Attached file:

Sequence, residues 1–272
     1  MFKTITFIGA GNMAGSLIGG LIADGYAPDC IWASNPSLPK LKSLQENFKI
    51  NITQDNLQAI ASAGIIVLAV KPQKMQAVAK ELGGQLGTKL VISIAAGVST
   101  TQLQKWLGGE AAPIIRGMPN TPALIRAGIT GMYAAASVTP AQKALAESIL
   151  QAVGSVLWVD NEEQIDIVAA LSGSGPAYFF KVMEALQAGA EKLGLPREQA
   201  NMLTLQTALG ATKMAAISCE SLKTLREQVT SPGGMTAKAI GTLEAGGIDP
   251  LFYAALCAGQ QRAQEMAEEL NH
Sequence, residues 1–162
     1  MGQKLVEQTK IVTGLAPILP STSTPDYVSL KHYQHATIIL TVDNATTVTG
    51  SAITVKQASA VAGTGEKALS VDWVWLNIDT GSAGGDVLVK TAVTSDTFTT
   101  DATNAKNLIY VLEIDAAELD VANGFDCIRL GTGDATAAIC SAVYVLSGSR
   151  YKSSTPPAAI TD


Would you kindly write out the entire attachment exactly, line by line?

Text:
Sequence, residues 1–272
     1  MFKTITFIGA GNMAGSLIGG LIADGYAPDC IWASNPSLPK LKSLQENFKI
    51  NITQDNLQAI ASAGIIVLAV KPQKMQAVAK ELGGQLGTKL VISIAAGVST
   101  TQLQKWLGGE AAPIIRGMPN TPALIRAGIT GMYAAASVTP AQKALAESIL
   151  QAVGSVLWVD NEEQIDIVAA LSGSGPAYFF KVMEALQAGA EKLGLPREQA
   201  NMLTLQTALG ATKMAAISCE SLKTLREQVT SPGGMTAKAI GTLEAGGIDP
   251  LFYAALCAGQ QRAQEMAEEL NH
Sequence, residues 1–162
     1  MGQKLVEQTK IVTGLAPILP STSTPDYVSL KHYQHATIIL TVDNATTVTG
    51  SAITVKQASA VAGTGEKALS VDWVWLNIDT GSAGGDVLVK TAVTSDTFTT
   101  DATNAKNLIY VLEIDAAELD VANGFDCIRL GTGDATAAIC SAVYVLSGSR
   151  YKSSTPPAAI TD